My Heart Is Fixed

The reason Achilles had a weak spot for a heel was because at birth, he was held by that place and dipped in the River Styx. But not really, because it’s myth.

Time wounds all heels

“My heart is fixed, O God, my heart is fixed: I will sing and give praise.” (Psalm 57:7)

It’s not the “fixed” as in “repaired”. We’ll get into that in a moment. It’s the “fixed” (the Hebrew word is kuwn) of “be erect”, to “set up”. Establish, fix, prepare, apply. These synonyms and subsequent wordings are sprinkled throughout the Old Testament. The idea behind what David is saying is He had received help from the only source strong enough to do so. Earlier on in the Psalm (verse 2) he declares, “I will cry unto God most high; unto God that performeth all things for me.” I find that the broken places in us correspond to aspects of our character and personality (and person) that have yet to be surrendered. How hard is it from where I’m sitting to see “God that performeth all things for me”? How many things again? If there are ways and means we would employ to the exclusion of “Our Father who art in Heaven”, we’ll end in missing the greater things–not to mention healing–that He has for us. As we endeavor to fix our attention upon God in whatever way we need, He’ll shore up the places we can’t see or don’t have access to. God knows the reason(s) we might be afraid to give that piece of ourselves to Him.

“Trust in the Lord with all thine heart; and lean not unto thine own understanding. In all thy ways acknowledge Him, and He shall direct thy paths.” (Proverbs 3:5-6)

Time heals all wounds

“Bless the Lord, O my soul, and forget not all His benefits: Who forgiveth all thine iniquities; who healeth all thy diseases;” (Psalm 103:2-3)

Actually, it’s God who does that. We all have broken places in us. Deep, dark (stygian–“like Styx”) and cavernous voids that extend out beyond an inconspicuous corner. Places into which God wants to send both His light and His Spirit. His love. As we grow, the circumstances we face become at once familiar and also different with each passing season. A slight tug on your heart and mind that you barely felt way back when could come back around never to leave. It is now–for better, for worse–at the forefront of your thinking. It might feel bad and miserable but the reason you feel it is not for those reasons. God wants to heal it. He wants to fix your heart. He wants to fix mine.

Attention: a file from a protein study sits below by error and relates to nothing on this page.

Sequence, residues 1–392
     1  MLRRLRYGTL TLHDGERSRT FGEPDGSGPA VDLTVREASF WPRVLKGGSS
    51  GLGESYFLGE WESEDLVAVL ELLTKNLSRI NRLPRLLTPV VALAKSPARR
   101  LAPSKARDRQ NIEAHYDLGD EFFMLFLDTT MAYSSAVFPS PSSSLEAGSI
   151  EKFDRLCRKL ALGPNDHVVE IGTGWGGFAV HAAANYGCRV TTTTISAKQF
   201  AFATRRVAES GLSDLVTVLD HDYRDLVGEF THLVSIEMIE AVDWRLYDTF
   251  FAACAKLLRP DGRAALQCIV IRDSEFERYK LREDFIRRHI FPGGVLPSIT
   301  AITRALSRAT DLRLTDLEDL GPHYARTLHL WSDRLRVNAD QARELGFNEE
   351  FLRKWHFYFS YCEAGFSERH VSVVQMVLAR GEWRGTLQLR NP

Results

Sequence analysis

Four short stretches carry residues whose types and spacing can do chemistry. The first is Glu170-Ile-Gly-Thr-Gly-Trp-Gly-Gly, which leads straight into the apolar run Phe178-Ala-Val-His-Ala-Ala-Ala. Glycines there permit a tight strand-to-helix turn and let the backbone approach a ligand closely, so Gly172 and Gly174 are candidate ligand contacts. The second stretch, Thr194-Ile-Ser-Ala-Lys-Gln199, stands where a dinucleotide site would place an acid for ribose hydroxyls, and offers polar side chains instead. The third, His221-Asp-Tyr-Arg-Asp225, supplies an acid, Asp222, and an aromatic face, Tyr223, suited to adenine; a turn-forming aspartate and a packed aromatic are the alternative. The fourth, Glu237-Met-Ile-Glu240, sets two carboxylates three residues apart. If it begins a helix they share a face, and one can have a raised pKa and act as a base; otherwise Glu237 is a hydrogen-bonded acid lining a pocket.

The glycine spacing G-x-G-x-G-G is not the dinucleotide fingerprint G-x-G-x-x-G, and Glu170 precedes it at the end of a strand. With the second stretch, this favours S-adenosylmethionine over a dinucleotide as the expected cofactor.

“There is no fear in love; but perfect love casteth out fear: because fear hath torment. He that feareth is not made perfect in love.” (1 John 4:18)

Now, before I stray too far into sappy self-helpiness (?), let me say this: some of what we sense that we’d chalk up to the whole paradigm of “brokenness” is nothing more than the torment that comes with simply being a child of God, having to endure an atmosphere to which we are unaccustomed. Doesn’t mean we get acclimated, no. Don’t acquiesce to an easier way of life that leaves out the great plan of God and the threads He’s winding through your heart. You might feel a prick or two but He’s both sewing it back up and also knitting you together with your brothers and sisters in Christ. I digress. The torment.

“I can do all things through Christ who strengthens me.” (Philippians 4:13)

Here’s the thing, love believes the best of every person. And sometimes the hardest person to believe the best about is ourselves (I’m not talking about “self-esteem”, but about seeing ourselves as God does). When one accepts Christ, their debt is paid forever, their name is written in Heaven and it’s a matter of walking with God until we get there. Now, this doesn’t mean you’re mind is fully in sync with Heaven but your heart is. God is reminded of Jesus when He sees you and He also has a love for you that’s all your own. He created you, He’ll (heel, heal, whatever…) fix you. Stay focused and don’t settle. A belief that God is anything less than exacting and meticulous and detail oriented in fully healing us is more a myth than the one of Achilles.

“Go to the ant thou sluggard; consider her ways, and be wise: Which having no guide, overseer, or ruler, Provideth her meat in the Summer, and gathereth her food in the harvest.” (Proverbs 6:6-8)

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